Bike Sharing Statistics – Updated 2022 

By  Dave Conway

 April 4, 2022

Bike-sharing services are rapidly gaining popularity around the world, with more and more cities across the world adding them to their mobility offerings. The concept is simple: users can pick up a bike from one of the many stations and use it for as long as they need to get around town in exchange for a fee.

Bike-sharing programs have proven to be effective in alleviating traffic congestion across various cities throughout Asia, Europe and North America. In 2016, the United States was ranked behind only China and Italy when it comes to countries with the highest number of public use bicycle programs according to data collated by Statista. 

Chart: The Global Rise of Bike-Sharing

Source: statista

Despite these statistics, bike-sharing and other shared mobility services are yet to gain widespread adoption in the U.S. According to a survey conducted by German market and consumer data company Statista, bike-sharing had a 7.89% adoption rate among American adults in 2018.

Chart: Shared Mobility Has Yet to Reach Mainstream Adoption

Source: statista

Notwithstanding, the future of bike-sharing looks bright. Companies like Uber and Lyft already offer bike sharing options in select markets. There's no denying that bike-sharing services will play an increasingly important role in urban transportation in present-day America going forward.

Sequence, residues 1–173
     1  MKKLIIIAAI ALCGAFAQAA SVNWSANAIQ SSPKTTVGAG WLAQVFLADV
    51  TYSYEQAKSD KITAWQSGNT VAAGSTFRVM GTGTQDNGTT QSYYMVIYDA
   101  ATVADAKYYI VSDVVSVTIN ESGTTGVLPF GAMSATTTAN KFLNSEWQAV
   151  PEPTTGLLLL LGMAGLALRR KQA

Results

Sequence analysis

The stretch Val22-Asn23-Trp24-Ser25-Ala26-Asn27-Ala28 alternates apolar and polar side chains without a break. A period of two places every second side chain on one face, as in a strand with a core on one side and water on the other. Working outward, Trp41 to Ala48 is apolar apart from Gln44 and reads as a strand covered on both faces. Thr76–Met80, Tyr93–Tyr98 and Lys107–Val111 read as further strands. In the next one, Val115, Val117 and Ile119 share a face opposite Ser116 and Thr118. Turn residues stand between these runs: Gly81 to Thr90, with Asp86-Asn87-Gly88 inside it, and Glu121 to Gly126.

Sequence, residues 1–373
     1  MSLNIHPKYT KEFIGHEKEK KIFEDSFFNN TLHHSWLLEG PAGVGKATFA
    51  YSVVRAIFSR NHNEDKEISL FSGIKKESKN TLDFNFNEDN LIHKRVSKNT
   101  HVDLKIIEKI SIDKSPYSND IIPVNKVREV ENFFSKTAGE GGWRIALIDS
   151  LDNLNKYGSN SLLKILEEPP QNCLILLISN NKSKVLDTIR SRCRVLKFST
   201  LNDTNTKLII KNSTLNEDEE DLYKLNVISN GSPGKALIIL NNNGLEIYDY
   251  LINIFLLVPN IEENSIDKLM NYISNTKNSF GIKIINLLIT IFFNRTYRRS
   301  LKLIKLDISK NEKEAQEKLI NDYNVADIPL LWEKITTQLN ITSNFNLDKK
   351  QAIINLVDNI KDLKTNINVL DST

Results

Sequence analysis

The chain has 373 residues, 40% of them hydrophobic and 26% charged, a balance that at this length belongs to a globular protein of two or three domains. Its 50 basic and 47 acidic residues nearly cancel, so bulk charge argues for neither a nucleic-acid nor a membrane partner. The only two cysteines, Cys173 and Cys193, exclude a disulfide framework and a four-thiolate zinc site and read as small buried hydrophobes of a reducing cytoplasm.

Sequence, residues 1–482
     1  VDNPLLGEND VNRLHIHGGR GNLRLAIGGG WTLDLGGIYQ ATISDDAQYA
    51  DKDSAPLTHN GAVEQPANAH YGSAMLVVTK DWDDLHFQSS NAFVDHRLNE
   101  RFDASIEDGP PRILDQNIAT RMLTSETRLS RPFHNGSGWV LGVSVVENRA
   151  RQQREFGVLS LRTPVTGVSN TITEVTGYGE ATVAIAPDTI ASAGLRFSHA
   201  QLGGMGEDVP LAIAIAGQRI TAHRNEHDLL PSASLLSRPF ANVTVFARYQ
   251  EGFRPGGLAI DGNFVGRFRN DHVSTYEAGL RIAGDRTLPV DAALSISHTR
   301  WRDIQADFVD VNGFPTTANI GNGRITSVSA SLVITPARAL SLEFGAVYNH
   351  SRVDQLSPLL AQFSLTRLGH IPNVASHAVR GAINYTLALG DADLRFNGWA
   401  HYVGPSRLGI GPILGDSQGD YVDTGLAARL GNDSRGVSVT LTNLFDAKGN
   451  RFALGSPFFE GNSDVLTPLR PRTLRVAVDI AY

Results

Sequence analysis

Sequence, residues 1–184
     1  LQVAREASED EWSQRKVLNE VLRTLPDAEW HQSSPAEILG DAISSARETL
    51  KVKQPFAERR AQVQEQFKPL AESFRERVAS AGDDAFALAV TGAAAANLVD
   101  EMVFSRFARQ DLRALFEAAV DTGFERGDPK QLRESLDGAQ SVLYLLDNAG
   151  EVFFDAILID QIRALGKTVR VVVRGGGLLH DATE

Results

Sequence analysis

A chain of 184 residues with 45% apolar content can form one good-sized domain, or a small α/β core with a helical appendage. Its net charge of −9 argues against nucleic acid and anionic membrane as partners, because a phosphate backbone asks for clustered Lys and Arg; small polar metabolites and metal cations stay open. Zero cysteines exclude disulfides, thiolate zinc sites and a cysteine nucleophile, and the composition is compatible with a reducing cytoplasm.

To put this into perspective, here are some of the most interesting bike-share statistics you should know about.

1. Global Bike-sharing Made Significant Revenue Gains During the Coronavirus Pandemic

Bike-share Statistics

Source: canva

Mobility services was one of the badly hit sectors during the COVID-19 crisis. For the most part, people stayed home more due to stay-at-home orders and social distancing recommendations. This meant fewer trips were taken and less money was spent on rides. However, the global bike-sharing industry saw strong growth in 2020.

The bike-sharing sector recorded significant growth in its global revenues in 2020, despite the heavy losses incurred by other mobility services during the COVID- 19 pandemic.

Chart: Bike-Sharing The Pandemic Mobility Winner

Source: statista

The gains were driven by the fact that governments worldwide implemented strict lockdowns and travel restrictions to slow down the spread of the virus. These measures helped reduce demand for taxis, buses, trains and cars but increased the usage of bikes. Bikes became the perfect mode of transport for getting around cities while staying safe. 

Interestingly, mobility services experienced higher revenue growth in 2021 than in 2020. This could be attributed to the fact that the lockdown period ended sooner in 2021 compared to 2020. The revenue gains recorded by the global bike-sharing sector in 2021 were a bit moderate compared to the previous year.

2. San Francisco Is the Most Bike-friendly City in the Country